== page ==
Friday, November 9, 2012

Chi Running

I've hit what runners call a “plateau.”  I had been gradually increasing my distance while I was running at Hoop Lake, topping out at seven miles.  I thought that continuing this path would work just as well “down the mountain” but I've found that I can’t run any further than seven miles without my feet hurting.

I land on the balls of my feet.  I have since I started running again in my forties.  It just felt right.  This is probably a fallback from my “ballerina-wanna-be” days.  The good news – my knees are just fine.  The bad news – at about mile 6 the balls of my feet just ache and the muscles on the inside of my big toes hurt.  Weird.

This is not good.  I really want to run the Salt Lake half marathon next April, but as of now I can’t even run half a half marathon without pain in my feet.  What am I doing wrong?

Several months ago I read an article about a 70-year-old woman who was running ultra-marathons using a technique called Chi Running.  Chi Running utilizes your core muscles and leverages the laws of physics to make running more efficient and injury-free.  And while my problem may be as simple as needing to replace my two-year-old running shoes (I’ll do this anyway), the idea of a better running technique is intriguing.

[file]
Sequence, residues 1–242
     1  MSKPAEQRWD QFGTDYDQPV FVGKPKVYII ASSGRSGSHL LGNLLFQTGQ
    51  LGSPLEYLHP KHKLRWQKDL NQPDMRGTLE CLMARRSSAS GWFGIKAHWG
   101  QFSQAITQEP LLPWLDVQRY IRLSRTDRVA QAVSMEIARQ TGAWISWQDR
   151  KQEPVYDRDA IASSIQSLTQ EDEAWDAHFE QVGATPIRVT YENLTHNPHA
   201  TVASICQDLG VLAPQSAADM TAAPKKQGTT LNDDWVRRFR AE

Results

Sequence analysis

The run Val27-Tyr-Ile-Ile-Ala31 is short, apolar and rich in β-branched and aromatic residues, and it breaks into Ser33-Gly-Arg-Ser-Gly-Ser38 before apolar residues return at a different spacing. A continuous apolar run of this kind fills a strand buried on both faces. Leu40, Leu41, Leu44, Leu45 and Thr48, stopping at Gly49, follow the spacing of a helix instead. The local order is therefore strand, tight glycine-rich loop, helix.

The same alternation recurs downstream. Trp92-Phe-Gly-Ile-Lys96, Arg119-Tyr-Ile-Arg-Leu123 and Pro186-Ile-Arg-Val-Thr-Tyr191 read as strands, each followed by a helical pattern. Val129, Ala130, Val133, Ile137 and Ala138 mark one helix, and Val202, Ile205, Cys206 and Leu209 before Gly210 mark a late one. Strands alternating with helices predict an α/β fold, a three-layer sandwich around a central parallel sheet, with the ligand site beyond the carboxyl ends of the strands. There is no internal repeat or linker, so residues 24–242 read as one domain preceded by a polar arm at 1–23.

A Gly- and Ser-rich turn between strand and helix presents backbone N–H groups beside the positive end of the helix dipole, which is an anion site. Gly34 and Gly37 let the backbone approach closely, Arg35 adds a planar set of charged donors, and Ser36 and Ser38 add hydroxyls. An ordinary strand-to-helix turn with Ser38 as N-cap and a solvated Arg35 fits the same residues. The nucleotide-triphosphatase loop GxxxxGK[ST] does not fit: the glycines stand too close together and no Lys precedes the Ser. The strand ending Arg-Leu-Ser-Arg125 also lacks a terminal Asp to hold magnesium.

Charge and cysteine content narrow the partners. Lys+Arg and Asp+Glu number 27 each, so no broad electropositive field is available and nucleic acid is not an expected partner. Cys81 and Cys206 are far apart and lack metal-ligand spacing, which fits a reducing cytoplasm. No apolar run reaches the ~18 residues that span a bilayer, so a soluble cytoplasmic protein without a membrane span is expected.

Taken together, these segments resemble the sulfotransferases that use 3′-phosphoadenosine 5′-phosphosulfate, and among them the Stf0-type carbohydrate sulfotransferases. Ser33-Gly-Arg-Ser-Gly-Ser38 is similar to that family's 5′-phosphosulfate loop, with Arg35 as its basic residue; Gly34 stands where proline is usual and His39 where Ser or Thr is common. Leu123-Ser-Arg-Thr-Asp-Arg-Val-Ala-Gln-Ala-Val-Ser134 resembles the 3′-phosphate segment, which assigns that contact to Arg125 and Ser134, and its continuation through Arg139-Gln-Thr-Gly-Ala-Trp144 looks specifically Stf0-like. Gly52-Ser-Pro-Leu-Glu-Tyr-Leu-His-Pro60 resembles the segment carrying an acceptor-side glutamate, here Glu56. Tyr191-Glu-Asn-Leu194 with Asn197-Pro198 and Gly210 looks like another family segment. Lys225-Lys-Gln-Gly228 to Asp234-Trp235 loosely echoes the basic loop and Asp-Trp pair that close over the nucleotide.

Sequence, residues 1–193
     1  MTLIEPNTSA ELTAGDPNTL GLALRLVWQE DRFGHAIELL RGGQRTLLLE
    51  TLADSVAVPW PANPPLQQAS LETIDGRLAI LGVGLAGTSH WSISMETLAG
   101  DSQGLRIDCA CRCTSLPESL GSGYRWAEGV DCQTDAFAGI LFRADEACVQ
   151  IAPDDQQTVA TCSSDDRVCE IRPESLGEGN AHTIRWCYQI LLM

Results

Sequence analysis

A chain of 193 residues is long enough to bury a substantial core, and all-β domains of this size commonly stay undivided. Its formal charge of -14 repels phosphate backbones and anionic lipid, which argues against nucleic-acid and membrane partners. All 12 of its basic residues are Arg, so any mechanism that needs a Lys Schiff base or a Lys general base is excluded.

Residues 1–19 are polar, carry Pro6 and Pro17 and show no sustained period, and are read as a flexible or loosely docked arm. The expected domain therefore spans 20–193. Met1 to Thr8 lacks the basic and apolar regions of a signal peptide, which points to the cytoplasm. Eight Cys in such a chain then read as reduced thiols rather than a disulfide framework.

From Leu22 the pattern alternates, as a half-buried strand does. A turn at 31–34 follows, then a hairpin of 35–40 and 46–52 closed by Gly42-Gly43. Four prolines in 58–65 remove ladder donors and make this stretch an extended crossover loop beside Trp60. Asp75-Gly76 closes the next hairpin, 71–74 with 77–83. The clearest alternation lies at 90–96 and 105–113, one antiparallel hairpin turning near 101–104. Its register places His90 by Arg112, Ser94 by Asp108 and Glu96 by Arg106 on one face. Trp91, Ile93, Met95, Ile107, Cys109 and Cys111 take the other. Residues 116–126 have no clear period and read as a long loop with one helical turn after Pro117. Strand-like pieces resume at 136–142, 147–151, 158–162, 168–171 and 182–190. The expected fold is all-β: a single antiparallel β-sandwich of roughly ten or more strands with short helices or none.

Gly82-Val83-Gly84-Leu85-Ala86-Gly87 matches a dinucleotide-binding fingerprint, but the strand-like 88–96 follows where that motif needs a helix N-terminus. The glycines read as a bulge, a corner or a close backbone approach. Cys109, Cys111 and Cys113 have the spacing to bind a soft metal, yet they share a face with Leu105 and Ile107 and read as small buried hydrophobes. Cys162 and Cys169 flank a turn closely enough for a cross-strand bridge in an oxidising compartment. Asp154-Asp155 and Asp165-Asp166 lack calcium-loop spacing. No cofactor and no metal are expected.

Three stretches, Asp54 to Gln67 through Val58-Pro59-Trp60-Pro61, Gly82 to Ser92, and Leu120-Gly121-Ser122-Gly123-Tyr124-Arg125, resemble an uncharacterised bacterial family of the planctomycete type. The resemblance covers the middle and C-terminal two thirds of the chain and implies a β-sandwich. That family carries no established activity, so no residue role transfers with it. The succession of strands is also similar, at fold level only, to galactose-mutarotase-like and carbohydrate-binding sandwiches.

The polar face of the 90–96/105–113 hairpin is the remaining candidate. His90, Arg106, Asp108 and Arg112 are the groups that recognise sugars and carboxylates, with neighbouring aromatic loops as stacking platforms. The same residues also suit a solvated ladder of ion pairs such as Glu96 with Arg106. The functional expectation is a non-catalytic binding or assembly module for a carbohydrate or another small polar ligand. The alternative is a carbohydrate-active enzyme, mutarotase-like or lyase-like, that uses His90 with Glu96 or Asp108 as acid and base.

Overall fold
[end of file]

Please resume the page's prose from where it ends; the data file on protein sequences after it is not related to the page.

So I got a copy of Chi Running by Danny and Katherine Dreyer.  I’m about halfway through the book and am ready to start incorporating their techniques into my running.  The authors recommend a gradual approach to learning the technique and have laid out ten lessons which they encourage both beginning and experienced runners to do sequentially.  So starting next week, I’ll start the lessons and log my progress.  May the chi be with me.

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